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St. Francis of Assisi Catholic Church

A group of Hamilton residents has filed a lawsuit seeking to stop the Roman Catholic Bishop of Helena plans to replace the historic St. Francis of Assisi Catholic Church with a new and larger church building on the same site. 

A group of homeowners near a historic Hamilton church slated to be demolished and rebuilt has filed suit challenging the city’s approval of the project.

The group’s complaint, filed Thursday in Ravalli County District Court, claims the City of Hamilton’s Board of Adjustments abused its discretion when it approved a conditional use permit and variances to allow the Roman Catholic Bishop of Helena to demolish and rebuild the St. Francis of Assisi Catholic Church.

In a 4-2 vote last November, the board approved a conditional use permit to allow for the construction of a new church on the same site where the historic building now stands on Hamilton’s Fifth Street. It also approved variances for parking, setbacks and height.

A church official said Friday that plans are moving forward to raise the estimated $3 million required for the project. A timber frame salvage company from Missoula is expected to begin work tearing down the building next January with construction of the new building to start in March.

Built in 1897 with money from copper king Marcus Daly, the 122-year-old church is one of the oldest wood-framed Catholic structures in the state, according to the lawsuit.

“The church was built before any zoning ordinances were in place and has the original church footing,” the lawsuit reads. “It sits amongst a residential neighborhood of historic homes and is itself a significant Hamilton landmark on the National Register of Historic Places.”

The suit said the Hamilton Board of Adjustments was negligent and violated the law by not subjecting the church’s justification for a need to double its current capacity to reasonable scrutiny. In addition, the group claimed the board “arbitrarily and highhandedly” ignored the public interest in the face of resistance by the community.

“Allowing the church to double its capacity by approving front and rear setbacks, increasing the height of the building and doubling the parking is detrimental to the health, safety, comfort and general welfare of persons residing in the neighborhood,” the lawsuit stated.

The group said there was no justification provided for siting a megachurch that serves the valley in the middle of a residential neighborhood in Hamilton.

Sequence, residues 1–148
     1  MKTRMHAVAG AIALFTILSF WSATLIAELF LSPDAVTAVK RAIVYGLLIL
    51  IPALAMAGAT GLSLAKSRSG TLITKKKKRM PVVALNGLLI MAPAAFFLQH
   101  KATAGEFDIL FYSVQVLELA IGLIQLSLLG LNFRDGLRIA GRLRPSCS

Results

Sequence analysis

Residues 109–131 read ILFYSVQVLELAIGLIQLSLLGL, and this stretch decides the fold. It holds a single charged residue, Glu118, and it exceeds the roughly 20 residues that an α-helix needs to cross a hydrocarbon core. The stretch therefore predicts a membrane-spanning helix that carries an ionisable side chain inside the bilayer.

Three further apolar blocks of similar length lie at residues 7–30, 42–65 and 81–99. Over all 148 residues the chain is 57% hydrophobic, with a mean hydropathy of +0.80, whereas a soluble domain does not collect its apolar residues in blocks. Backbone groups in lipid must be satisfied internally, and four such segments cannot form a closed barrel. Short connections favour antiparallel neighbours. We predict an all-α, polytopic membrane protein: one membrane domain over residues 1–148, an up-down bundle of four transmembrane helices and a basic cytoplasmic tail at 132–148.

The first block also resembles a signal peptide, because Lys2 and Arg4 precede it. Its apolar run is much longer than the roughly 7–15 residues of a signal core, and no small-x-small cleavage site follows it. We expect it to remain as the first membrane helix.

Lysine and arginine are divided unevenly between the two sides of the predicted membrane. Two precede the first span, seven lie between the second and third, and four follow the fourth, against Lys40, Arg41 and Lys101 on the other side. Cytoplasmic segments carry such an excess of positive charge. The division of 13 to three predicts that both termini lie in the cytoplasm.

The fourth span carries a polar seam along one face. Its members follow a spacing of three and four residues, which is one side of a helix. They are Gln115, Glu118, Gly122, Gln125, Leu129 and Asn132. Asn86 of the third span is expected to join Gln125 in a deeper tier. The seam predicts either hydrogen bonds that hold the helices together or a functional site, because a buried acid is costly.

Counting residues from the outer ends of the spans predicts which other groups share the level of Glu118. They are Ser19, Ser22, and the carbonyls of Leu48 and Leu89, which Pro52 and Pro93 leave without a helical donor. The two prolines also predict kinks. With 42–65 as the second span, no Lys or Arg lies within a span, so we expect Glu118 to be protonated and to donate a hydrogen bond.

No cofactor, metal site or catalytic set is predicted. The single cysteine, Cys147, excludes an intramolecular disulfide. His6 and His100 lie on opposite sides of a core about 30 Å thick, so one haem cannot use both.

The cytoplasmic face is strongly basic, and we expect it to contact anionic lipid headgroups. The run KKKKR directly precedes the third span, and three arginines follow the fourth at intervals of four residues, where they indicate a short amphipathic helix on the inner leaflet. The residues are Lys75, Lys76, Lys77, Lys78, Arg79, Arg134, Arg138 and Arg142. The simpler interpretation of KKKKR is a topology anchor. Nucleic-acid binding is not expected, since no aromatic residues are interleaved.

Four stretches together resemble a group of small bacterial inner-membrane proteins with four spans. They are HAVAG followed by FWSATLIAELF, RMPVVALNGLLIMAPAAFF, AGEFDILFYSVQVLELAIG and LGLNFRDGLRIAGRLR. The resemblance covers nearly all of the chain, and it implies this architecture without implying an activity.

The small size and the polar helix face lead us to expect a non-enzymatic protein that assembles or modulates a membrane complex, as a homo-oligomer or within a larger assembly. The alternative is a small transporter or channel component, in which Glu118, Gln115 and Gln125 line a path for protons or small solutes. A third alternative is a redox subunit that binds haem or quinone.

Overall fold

The board approved variances that allowed the church to avoid setback requirement in order to achieve a larger building with double the seating capacity of the current building. It also approved a variance that allowed the church to be four feet higher, “blocking the views of property owners who have owned homes and paid taxes to maintain their historical neighborhood,” the lawsuit said.

Another variance doubled the amount of parking to 111 spaces, in part by requiring diagonal parking on residential streets in the neighborhood.

The lawsuit said the board did not follow the law when it approved the conditional permit and variances.

“The variances are supposed to be for hardship and for the public interest,” the lawsuit said. “These pertinent legal issues were ignored by the board…There is no documented explanation for hardship and the public interest.”

The lawsuits asks the court to either revoke and deny the board’s decision to grant the permit and variances or require it to have a new hearing with a temporary injunction in place.

Nansu Roddy, one of 10 neighbors who filed the lawsuit, said the church has not listened to the neighbors' concerns.

“It is dispiriting that we must file this appeal to protect our homes, property values and quality of life,” Roddy said. “We have not had a venue to express our concerns with the church. The leaders of the church have clearly expressed their disinterest in addressing any of our concerns.”

Roddy said she doesn’t believe that parishioners who support the demolition of the historic church in order to build a larger one are aware of the impact that it will have on the neighborhood.

“We want parishioners to have a beautiful place to worship, but not at the cost of losing our historic neighborhood,” Roddy said. “Parishioners come and go back to their homes, but we live here. We pay our property taxes. This appeal now becomes our voices that have not been heard.”

Sonny LaSalle of the church’s building committee said parishioners will gather at 4 p.m. on Sunday for an update on the construction plans, which will include information from the architect and the people doing the stained glass.

“We are moving forward and will continue to move forward,” LaSalle said.

The effort to raise $3 million is going “reasonably well,” LaSalle said. “We are past the halfway mark. I will be working with the chief fundraising person to devise a strategy to get the remainder. I’m confident we will make it.”

LaSalle said current plans call for Heritage Timber of Missoula to begin a salvage operation in January 2020. The church has asked for requests for proposal from six large Montana contracting firms. The plan is to hire a construction manager who will work with the architect to come up a construction plan that will be bid out later.

Current plans call for construction to get underway in March 2020, he said.

In response to the neighbor’s appeal, LaSalle said: “Hamilton has a process for these types of things and that’s the process we will be following. We are moving forward as allowed by the permit given and approved and will continue to do that.”

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Associate Editor

Reporter for The Ravalli Republic.